For those who don’t know the story, Willie Nelson got his first big break in Nashville in the early 1960s as a songwriter, penning big hits for Patsy Cline, Faron Young, etc. He also maintained a career as a solo performer, but with less commercial success. Labels like RCA signed him more to gain access to his songwriting than for his performing abilities. After some period of years, he developed associations with New York based record labels, relocated to the Austin, Texas area, and brought together the conservative, redneck country music crowd with the liberal, hippie rock crowd. He struck gold with The Red Headed Stranger, his first album for Columbia records, in 1975. The rest, as they say, is history.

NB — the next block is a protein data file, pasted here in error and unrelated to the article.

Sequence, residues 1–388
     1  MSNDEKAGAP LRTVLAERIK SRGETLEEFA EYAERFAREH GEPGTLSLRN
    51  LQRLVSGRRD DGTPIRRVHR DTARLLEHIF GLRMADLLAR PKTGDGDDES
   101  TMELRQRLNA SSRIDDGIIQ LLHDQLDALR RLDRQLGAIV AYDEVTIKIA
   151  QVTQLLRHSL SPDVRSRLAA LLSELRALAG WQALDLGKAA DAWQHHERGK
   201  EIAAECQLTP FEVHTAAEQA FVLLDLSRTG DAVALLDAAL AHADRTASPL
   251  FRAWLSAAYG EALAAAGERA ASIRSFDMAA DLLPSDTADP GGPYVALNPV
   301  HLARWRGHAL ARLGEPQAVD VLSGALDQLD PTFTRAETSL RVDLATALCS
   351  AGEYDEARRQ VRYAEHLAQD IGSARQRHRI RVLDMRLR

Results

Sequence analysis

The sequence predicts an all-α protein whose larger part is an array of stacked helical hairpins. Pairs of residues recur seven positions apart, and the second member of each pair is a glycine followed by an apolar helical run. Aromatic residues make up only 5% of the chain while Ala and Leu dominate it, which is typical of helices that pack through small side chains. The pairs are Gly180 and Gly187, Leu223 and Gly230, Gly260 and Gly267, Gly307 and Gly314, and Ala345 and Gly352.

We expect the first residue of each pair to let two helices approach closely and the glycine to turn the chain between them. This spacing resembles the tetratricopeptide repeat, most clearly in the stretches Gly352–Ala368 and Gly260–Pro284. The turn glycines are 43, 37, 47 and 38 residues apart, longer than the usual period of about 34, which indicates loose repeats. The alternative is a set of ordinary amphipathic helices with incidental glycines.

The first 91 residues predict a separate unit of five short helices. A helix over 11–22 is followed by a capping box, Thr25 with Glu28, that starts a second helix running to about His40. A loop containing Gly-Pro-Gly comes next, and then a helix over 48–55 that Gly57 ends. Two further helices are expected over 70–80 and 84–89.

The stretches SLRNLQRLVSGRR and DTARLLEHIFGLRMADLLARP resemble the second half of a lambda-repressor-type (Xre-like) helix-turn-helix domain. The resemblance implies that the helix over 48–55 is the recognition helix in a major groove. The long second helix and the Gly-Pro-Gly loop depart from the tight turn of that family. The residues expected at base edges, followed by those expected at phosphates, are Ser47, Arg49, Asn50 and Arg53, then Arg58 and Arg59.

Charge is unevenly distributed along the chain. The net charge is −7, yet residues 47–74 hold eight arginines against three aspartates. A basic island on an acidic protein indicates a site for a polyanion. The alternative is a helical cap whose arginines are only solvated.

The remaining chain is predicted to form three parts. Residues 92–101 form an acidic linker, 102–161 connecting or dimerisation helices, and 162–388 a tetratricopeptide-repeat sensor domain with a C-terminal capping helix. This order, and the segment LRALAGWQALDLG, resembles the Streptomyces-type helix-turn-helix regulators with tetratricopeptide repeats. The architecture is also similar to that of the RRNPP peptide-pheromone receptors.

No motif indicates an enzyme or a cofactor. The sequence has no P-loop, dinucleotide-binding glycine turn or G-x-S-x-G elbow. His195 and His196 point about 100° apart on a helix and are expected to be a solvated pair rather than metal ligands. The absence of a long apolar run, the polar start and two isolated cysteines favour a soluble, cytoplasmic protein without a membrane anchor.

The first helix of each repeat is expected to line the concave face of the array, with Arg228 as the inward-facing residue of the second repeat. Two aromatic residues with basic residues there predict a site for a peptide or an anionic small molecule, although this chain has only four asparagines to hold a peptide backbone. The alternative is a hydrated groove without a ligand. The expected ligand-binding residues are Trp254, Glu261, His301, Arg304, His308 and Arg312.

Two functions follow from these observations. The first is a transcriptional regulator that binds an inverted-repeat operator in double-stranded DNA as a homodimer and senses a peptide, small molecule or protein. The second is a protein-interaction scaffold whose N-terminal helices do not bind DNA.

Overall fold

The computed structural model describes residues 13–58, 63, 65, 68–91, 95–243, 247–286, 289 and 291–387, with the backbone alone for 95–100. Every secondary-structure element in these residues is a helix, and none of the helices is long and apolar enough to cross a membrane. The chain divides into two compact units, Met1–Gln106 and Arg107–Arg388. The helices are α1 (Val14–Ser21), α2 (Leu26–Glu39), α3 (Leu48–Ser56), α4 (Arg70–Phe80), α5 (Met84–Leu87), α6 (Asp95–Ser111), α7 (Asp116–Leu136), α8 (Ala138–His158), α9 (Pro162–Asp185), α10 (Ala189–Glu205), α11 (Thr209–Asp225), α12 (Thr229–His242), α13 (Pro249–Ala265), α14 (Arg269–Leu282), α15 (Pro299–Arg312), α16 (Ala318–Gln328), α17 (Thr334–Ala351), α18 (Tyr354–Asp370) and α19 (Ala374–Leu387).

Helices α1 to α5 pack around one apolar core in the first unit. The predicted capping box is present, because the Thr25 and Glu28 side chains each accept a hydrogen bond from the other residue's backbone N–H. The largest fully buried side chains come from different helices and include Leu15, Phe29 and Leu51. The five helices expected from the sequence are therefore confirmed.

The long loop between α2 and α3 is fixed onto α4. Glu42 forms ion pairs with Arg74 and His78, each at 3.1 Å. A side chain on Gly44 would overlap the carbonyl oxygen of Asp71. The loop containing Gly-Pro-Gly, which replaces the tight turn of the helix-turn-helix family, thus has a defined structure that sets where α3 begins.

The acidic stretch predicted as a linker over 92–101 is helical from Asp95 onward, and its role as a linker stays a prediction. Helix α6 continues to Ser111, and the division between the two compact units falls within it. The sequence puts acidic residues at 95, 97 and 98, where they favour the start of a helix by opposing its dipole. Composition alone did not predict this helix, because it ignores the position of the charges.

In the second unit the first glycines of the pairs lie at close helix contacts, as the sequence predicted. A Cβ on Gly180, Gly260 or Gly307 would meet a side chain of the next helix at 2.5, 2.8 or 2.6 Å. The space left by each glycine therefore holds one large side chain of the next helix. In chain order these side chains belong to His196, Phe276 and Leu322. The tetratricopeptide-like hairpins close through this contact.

Willie’s idea for a follow-up to the smash success of The Red Headed Stranger was to record a tribute album to honky-tonk legend of the early 1950s Lefty Frizzell, To Lefty From Willie. The record executives in New York City didn’t agree with the choice, and shelved the album. Willie went back to the studio and recorded the excellent — if under-appreciated — The Sound in Your Mind, which was released in 1976 as the proper follow-up to The Red Headed Stranger. Columbia also released a gospel album in late 1976 recorded way back in 1973 for Atlantic Records, The Troublemaker. After editing out a squeaky drum pedal from the recordings, Columbia eventually released To Lefty From Willie in 1977. Willie sings alright, if not at his best, and his sister Bobbie provides some excellent honky-tonk piano, but it’s hard not to see that the New York executives had a point in balking at the album. It’s a fairly low energy outing, held back by unambitious performances by the backing band, especially the persistently cartoonish bass of Bee Spears. This was recorded with Willie’s touring band, who sometimes lacked both musical muscle and finesse. It’s a fine enough album, in the end, but hardly the best Willie could do at this point in his career. Choice track: “Railroad Lady.”